Agatha Christie's Devon

Agatha Miller was born and raised in Torquay and lived in the area until she was almost 30. She returned again and again to her beloved Devon throughout her life and in 1938 she bought a holiday home on the banks of the River Dart called Greenway.

No visit to the area would be complete without visiting some of the many places with an Agatha Christie connection, including the locations where she played, worked and socialised. Amongst these are the beach where she learnt to swim, the concert hall where Archie Christie proposed to her, the hotel where she spent her one-night honeymoon and the civic building where she volunteered as a nurse during the First World War.

The Agatha Christie Mile

This route was devised in the early days of the Agatha Christie Festival and takes you to some of the places that were inspirational in her life and works. The name is a bit deceiving, as the seafront route is actually about three and a half miles long, but it’s all fairly flat with some great views and places to stop along the way. There are also seven unique plaques for amateur detectives to find along the route, while you will also pass the Agatha Christie memorial bust.

Our festival director Matt Newbury worked with the English Riviera BID Company to produce an updated self-guided walking tour along the route. You can either pick a copy up for free from the Visitor Information Centre or download it here. Another option is to book onto an Agatha Christie Walking Tour (see details below) and have your experienced guide bring the route to life.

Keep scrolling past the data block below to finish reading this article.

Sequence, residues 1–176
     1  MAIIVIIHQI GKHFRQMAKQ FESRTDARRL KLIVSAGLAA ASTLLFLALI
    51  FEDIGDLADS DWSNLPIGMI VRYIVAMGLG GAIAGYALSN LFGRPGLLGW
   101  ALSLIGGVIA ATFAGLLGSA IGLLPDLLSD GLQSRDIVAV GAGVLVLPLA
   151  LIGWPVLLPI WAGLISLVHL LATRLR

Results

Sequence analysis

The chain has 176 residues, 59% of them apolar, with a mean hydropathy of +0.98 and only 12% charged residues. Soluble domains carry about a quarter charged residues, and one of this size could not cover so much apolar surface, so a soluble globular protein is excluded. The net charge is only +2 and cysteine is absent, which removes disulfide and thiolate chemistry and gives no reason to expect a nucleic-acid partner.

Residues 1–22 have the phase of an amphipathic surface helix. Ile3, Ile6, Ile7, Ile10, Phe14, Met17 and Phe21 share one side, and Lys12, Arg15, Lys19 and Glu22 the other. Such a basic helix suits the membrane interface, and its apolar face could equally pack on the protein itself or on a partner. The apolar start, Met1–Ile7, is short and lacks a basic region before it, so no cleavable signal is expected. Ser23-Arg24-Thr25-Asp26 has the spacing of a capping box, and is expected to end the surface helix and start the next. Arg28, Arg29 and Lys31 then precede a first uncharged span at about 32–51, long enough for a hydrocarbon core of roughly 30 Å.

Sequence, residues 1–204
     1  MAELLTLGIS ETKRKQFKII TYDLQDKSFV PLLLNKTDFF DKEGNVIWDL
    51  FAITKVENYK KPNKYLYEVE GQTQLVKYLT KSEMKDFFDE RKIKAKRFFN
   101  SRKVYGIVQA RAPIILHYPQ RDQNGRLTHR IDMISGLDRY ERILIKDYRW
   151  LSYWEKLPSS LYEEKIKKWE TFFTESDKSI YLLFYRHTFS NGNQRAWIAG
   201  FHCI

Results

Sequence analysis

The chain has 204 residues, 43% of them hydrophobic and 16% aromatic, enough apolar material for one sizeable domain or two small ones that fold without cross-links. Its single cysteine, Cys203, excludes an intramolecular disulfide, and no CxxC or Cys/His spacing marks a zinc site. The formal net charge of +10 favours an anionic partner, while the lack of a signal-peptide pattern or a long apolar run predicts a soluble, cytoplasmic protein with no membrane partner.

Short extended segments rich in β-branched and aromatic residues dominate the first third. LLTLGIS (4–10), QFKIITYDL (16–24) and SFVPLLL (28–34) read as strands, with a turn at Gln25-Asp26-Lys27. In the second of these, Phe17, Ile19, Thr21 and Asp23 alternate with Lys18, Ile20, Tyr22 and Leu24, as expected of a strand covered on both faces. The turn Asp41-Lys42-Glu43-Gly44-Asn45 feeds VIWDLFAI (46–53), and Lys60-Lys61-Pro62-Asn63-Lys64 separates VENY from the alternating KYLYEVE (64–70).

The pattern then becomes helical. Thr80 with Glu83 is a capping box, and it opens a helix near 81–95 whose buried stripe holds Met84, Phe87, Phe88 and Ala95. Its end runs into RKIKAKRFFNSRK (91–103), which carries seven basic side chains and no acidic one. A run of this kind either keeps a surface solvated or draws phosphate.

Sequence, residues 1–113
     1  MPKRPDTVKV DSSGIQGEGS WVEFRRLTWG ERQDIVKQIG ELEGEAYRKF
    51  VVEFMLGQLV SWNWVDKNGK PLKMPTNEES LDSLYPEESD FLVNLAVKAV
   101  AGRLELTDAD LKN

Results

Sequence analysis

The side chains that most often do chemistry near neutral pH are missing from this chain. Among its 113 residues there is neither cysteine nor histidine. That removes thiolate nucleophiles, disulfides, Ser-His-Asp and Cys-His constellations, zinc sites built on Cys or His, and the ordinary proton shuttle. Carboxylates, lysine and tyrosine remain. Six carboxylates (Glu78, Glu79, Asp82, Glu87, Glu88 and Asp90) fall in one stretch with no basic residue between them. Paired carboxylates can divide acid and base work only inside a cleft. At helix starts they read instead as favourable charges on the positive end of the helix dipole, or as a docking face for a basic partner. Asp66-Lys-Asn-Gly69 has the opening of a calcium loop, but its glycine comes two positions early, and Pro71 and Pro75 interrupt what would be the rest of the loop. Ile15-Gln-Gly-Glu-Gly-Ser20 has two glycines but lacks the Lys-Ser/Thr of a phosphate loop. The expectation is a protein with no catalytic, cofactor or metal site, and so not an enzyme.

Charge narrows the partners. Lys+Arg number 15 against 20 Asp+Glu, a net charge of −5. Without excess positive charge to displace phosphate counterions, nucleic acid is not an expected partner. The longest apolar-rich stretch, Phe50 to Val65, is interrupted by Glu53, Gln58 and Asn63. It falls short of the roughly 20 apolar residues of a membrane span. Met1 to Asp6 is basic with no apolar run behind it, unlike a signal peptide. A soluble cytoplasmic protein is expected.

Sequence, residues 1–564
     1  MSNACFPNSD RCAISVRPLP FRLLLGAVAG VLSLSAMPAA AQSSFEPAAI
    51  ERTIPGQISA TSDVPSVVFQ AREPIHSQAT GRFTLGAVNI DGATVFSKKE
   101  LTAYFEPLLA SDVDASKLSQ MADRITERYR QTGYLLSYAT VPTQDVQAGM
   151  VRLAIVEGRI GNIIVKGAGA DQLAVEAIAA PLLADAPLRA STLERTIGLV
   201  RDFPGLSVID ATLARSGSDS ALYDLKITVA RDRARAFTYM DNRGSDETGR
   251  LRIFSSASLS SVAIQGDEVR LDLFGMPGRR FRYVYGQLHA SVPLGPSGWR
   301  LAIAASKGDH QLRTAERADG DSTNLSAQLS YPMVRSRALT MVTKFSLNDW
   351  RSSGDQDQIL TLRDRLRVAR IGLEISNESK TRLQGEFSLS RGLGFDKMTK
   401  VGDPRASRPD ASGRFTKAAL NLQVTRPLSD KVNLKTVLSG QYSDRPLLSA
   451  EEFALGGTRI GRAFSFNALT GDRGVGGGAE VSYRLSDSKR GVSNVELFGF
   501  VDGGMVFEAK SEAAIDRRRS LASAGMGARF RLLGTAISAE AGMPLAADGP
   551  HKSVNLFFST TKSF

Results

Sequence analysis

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Agatha Christie Country

By exploring the English Riviera and the wider Devon area you will also be able to uncover some of the inspirations behind some of her most famous characters and stories. At least 15 of her books have a local connection and by exploring a bit further afield you will be able to visit her beloved holiday home at Greenway, the wild and untamed moors of Dartmoor National Park (where she wrote her first novel) and the enigmatic Burgh Island, the inspiration for two of her most famous mysteries.


Agatha Christie bought Greenway Estate in 1938 as a family holiday home. Her second husband Max Mallowan, along with her daughter Rosalind would travel down from their main residence in London in the spring, late summer and often for Christmas, where they would be joined by family and friends. Greenway remained a holiday home for Agatha and Max until Rosalind purchased the property from her mother in 1959. The property was given to the National Trust in 2000 on the proviso that it shouldn’t be turned into an Agatha Christie Museum or theme park. Following a £5.4 million restoration, the house opened its doors to the public for the first time in 2009 and provides an extraordinary glimpse into the world of the author and her family. You can either visit by hopping on the Greenway Ferry from Dartmouth, following the walking route from Broadsands or Kingswear, or arrive by car (you will need to book a parking space).